Salary Range for Employers and Job Applicants
What's a salary range? For an individual, a salary range includes the parameters of the . For a company, it's the amount that the organization has available to pay a new employee, and what current employees can expect to earn in a specific position.
What's Included in a Salary Range
A salary range includes a low, mid-point, and maximum salary. For example:
- $30,000 (bottom of the range)
- $35,000 (median)
- $40,000 (maximum)
- Range: $30,000 - $40,000
Job Applicant Salary Ranges
From a job seeker perspective, a salary range is the amount of compensation a candidate would accept for a position. A , rather than a flat amount, is often provided when a company asks for . For example, if a job posting asks for salary requirements, a candidate could say in the $25,000 - $35,000 range.
Giving a range provides for flexibility both in being considered for the job and in . When you set a salary range, be sure that the lowest end of the spectrum will cover all your expenses. You don’t want to accept a job at the very low end of your salary range only to discover that you can’t pay your bills.
Also be sure that the . You don't want to price yourself out of the job market or undersell yourself and get paid too little.
Know What You are Worth
To evaluate salary offers and to decide if an organization's salary ranges are appropriate for your experience, it is important to research salary in your field thoroughly:
- Utilize salary calculators like , , and to gain further insight.
- Ask colleagues in your field what salary range they think is suitable for your background.
- Review government publications like the which contains salary figures for various areas of employment.
- College students should check in with their school's career office, which can furnish information provided by the National Association of Colleges and Employers regarding entry-level salaries for college graduates.
- Consult your professional organization to inquire about salary surveys conducted in your field.
Also, consider regional differences in salaries and the as you determine an appropriate salary range for your location.
Employer Salary Ranges
From an employer perspective, the salary range is the amount of compensation paid for a specific position. For example, if the for a job is $20,000 and the maximum salary for the position, after merit increases and tenure on the job, is $30,000, the salary range for the job is $20,000 to $30,000.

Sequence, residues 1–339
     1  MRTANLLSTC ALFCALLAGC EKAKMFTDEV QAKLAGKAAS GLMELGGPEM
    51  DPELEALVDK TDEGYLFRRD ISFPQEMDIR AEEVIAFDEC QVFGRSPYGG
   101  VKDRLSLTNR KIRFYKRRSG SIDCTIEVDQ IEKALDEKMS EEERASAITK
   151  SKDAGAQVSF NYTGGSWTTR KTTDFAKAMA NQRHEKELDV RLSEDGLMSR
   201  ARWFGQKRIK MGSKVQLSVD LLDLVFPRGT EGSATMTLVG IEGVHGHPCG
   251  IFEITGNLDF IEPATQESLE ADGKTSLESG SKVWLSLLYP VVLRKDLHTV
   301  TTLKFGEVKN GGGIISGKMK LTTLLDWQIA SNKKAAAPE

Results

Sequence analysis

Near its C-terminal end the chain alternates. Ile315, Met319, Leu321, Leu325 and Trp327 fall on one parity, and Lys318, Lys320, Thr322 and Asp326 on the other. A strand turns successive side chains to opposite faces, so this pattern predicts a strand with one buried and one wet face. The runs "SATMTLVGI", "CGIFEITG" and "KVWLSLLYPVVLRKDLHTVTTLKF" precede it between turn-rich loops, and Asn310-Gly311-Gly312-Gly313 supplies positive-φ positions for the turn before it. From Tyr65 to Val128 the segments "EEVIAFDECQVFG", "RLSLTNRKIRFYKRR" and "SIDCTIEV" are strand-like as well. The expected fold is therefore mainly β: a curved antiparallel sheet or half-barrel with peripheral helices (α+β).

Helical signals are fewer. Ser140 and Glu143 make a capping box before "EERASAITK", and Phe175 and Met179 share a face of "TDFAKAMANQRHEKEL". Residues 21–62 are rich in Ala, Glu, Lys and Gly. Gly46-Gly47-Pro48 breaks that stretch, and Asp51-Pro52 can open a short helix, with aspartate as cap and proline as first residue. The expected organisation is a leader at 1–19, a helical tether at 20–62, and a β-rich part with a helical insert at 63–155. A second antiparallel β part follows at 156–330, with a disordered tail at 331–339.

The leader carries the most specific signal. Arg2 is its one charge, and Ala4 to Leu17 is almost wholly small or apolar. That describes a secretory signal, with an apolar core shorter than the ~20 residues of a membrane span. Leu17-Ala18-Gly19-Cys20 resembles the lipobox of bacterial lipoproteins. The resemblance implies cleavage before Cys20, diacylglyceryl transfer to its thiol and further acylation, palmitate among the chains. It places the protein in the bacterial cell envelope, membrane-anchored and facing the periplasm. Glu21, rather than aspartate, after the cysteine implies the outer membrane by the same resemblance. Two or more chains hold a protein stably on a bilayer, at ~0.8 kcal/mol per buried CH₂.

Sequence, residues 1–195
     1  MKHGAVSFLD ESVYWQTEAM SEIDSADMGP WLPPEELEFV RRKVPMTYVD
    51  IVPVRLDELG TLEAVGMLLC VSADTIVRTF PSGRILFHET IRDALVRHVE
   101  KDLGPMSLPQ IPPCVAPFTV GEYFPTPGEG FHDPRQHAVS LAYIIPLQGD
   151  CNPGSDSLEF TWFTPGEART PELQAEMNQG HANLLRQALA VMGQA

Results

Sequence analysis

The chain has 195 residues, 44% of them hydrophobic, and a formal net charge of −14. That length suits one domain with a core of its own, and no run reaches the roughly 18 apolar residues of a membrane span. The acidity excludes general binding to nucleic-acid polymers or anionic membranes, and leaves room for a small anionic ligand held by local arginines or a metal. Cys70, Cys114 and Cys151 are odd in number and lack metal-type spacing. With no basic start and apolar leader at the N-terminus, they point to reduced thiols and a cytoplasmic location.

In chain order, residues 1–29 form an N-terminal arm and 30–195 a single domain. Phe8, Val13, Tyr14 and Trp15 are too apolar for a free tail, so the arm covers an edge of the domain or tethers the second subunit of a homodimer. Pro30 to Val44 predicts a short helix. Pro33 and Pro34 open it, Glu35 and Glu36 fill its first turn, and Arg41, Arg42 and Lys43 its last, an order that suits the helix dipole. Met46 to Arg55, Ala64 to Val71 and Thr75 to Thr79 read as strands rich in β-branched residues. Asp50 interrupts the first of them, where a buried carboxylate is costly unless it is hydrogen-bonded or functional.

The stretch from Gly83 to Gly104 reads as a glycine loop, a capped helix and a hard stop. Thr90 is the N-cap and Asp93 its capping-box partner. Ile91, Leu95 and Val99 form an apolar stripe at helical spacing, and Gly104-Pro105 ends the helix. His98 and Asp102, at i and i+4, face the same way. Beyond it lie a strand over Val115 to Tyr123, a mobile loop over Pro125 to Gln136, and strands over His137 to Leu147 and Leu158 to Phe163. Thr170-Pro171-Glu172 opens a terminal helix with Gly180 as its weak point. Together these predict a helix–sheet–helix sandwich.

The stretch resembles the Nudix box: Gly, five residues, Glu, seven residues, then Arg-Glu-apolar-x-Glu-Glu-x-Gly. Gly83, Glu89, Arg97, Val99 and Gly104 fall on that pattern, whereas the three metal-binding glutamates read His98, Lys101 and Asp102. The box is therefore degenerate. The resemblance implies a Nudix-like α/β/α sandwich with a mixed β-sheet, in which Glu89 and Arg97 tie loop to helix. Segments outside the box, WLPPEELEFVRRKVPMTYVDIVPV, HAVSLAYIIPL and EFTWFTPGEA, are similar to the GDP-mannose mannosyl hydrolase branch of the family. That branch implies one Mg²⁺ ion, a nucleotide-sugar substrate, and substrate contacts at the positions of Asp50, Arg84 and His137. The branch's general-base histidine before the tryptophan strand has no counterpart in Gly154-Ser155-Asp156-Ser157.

Employers typically have some flexibility in hiring. A super qualified candidate can expect a job offer that's at the higher end of the salary range for the job than a candidate with the minimum qualifications for the job.
Factors Impacting Where You Fit Into a Salary Range
The length of time which you have worked in a related functional area and industry will normally influence whether an employer will make an offer at the lower, middle, or higher end of a salary range.
Candidates who can document a high value-added at previous employers will often be given higher offers. Identify the bottom line in your previous employment situations. Was it sales, quality control, safety, cost control, customer satisfaction, the volume of work, etc.? Be prepared to reference how you have impacted the bottom line in your previous jobs above and beyond normal expectations.
If there is a relative scarcity of qualified workers in your field, you are more likely to receive offers in the upper level of a salary range.
Passive job seekers who are wooed by recruiters and are seemingly satisfied with their current job situation often have more leverage and are more likely to be placed higher in a salary range.
Some sectors like government and education may have strict salary ladders or steps based on previous teaching or administrative experience that supersede other factors.
Candidates who come highly recommended by previous employers are often viewed as more worthy of placement into the upper end of a salary range.
Job seekers with cutting-edge skills or certifications will often be in higher demand and receive offers higher up in the salary range.
Larger organizations with more formal Human Resources policies are more likely to have set salary ranges while small organizations might have more flexibility in making salary offers outside normal ranges.